Recently, Christopher Lee was invited to speak at the University of Genoa on the highly sensitive issue of gauging the views of children in Spanish court cases involving the 1980 Hague Child Abduction Convention. Following the conference, Christopher was asked to write an article (below) for The Judges’ Newsletter on International Child Protection, a journal that has for twenty years aimed at securing judicial education and co-operation in this highly specialised field.
Whether your great-aunt leaves you a coastal villa in Marbella or your grandfather bequeaths you his fashionable Madrilenian flat, one thing is certain: the hassles have just begun. The funeral over, you must begin to unravel Spanish red tape and prepare to pay your newfound Spanish tax liabilities…
Administering Spanish and UK estates differs greatly. Who pays inheritance tax (“IT”) is an example: Spanish IT is paid by beneficiaries, whereas in the UK it’s the deceased’s estate that foots the bill. To have Grandpa’s flat registered in your name (essential if you’re ever to sell it subsequently), you must first pay Spanish IT. Rates vary throughout Spain and depend on the familial relationship that links the beneficiary to the deceased (if related). Contrast this with the UK, where IT is paid at a flat 40% rate above a sizeable non-taxed sum.
To move in to your great-aunt’s villa, in addition to Spanish IT you must also pay local value increase tax (known as plus valía) to the town hall in Marbella, as well as Land Registry and Notary’s fees. The villa itself and all her other Spanish assets of significant value must be listed in an inheritance acceptance deed, including her Spanish bank accounts, her red Ferrari and her collection of Salvador Dali lithographs.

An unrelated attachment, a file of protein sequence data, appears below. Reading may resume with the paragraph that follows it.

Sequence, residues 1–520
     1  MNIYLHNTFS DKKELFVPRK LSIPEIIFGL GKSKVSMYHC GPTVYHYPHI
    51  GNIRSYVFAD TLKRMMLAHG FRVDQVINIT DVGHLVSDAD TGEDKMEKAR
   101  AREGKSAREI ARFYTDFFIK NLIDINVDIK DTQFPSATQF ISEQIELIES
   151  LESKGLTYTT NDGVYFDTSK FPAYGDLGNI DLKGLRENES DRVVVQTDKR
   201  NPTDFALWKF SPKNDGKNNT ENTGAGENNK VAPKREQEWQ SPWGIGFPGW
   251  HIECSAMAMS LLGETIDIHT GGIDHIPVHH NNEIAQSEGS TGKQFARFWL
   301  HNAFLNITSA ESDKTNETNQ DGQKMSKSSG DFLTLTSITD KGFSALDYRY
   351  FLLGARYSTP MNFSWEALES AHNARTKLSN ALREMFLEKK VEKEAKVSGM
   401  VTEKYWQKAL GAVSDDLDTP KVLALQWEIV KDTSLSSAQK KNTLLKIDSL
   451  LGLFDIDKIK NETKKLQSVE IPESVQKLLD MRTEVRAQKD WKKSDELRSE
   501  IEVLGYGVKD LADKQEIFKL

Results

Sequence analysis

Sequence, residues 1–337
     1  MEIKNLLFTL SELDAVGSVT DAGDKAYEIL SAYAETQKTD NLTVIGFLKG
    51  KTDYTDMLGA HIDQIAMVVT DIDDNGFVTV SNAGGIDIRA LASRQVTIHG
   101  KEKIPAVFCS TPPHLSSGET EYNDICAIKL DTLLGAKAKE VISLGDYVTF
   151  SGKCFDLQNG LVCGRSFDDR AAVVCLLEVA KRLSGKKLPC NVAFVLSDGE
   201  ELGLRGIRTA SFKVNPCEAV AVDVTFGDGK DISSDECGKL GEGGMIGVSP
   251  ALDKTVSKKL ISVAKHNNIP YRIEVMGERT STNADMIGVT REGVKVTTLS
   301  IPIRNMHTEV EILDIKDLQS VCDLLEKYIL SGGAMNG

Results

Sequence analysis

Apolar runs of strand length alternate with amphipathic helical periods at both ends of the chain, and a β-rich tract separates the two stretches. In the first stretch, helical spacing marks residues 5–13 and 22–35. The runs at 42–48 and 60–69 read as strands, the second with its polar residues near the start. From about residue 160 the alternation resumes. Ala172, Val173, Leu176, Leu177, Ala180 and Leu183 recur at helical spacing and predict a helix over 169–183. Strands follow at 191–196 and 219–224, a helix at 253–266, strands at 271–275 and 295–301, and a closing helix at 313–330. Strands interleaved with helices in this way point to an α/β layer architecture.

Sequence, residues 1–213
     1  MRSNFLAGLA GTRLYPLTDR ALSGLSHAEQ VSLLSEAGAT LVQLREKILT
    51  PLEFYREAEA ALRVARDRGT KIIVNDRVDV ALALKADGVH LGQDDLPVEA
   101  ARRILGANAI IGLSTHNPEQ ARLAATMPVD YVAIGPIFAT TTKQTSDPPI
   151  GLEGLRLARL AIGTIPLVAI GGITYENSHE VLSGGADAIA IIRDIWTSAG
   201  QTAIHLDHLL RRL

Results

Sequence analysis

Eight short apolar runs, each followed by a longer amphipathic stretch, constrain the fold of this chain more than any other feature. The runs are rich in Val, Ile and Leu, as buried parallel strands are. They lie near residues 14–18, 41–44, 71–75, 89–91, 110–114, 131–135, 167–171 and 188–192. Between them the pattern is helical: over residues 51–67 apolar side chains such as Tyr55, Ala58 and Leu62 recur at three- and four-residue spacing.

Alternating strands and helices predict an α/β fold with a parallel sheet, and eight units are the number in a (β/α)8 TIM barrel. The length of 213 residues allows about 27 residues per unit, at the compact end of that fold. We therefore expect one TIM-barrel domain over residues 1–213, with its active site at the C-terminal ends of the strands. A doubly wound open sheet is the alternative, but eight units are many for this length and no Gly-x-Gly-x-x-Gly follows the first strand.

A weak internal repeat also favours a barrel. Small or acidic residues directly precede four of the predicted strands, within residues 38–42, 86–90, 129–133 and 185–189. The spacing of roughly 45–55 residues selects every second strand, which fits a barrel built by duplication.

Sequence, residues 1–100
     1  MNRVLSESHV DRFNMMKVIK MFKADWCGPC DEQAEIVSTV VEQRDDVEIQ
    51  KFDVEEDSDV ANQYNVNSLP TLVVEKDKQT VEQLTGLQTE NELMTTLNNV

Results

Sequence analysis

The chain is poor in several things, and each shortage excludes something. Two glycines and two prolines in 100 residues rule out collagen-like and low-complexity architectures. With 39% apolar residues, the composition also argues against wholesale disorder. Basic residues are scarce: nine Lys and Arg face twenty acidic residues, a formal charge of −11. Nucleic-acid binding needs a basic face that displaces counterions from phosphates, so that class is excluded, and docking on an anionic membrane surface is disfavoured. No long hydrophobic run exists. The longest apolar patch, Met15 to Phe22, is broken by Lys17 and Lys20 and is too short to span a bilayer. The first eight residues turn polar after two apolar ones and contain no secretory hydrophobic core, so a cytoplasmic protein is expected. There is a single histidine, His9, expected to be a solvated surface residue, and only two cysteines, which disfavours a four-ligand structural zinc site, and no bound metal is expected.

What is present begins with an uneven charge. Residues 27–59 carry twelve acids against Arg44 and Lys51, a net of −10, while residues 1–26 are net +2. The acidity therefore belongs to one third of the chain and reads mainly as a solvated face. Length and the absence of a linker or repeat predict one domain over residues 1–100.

Christopher took his legal expertise and fabulously British accent to the airwaves this week (15.2.18) to discuss child abduction issues.
The Hague Convention on the Civil Aspects of International Child Abduction of 1980 (the Convention) is one of a large number of conventions signed in the Hague but it stands out as possibly the most well-known – why? Probably because it deals with the emotional and sometimes highly publicised issue of child abduction.
The Convention’s aim is to have children swiftly returned to their country of habitual residence when someone – usually a parent – takes them from, or prevents them from returning to, that country in breach of the other parent’s rights.
When the Convention was first conceived, it was expected that it would mainly prevent fathers from turning up at school gates, bundling their children into fast cars and taking them off in clouds of dust. But the last four decades have shown that the reality is very different: most abductions involve no physical violence or spiriting-away of children in the middle of the night. Instead, the typical abductor is the mother and abduction occurs when – perhaps after a stay with the children in her original home country – she can’t bear to return them to the country where they were being brought up, her relationship with the children’s father having ended.